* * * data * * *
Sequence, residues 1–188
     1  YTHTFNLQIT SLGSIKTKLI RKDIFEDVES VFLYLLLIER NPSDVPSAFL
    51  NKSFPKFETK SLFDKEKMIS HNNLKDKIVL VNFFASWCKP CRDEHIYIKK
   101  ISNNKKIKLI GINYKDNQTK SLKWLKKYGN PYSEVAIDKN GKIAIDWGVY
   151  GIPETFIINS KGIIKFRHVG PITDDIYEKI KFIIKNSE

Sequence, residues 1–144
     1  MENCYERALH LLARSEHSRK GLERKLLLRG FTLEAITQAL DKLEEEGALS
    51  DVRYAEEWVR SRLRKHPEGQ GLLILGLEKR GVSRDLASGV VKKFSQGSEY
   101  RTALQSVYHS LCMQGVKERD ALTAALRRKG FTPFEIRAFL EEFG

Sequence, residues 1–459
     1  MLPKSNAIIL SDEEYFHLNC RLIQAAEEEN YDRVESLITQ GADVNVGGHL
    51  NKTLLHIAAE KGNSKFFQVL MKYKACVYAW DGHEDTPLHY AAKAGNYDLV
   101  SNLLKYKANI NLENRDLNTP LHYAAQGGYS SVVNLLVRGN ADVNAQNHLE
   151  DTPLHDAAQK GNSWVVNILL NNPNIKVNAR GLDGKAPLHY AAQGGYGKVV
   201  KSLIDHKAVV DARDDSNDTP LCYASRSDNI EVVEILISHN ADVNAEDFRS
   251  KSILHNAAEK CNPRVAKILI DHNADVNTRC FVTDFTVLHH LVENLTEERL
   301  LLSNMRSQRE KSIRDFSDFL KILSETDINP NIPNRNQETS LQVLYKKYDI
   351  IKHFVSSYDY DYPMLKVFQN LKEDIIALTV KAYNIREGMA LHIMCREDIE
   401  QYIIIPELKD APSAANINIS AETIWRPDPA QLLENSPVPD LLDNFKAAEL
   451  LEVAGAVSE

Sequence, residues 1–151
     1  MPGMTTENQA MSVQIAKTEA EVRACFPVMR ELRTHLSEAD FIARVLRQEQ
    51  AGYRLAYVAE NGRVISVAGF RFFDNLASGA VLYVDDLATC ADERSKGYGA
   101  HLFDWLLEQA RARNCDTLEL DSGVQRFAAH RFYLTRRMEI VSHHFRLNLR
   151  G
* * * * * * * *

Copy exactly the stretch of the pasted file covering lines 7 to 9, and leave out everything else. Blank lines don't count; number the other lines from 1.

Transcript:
     1  MENCYERALH LLARSEHSRK GLERKLLLRG FTLEAITQAL DKLEEEGALS
    51  DVRYAEEWVR SRLRKHPEGQ GLLILGLEKR GVSRDLASGV VKKFSQGSEY
   101  RTALQSVYHS LCMQGVKERD ALTAALRRKG FTPFEIRAFL EEFG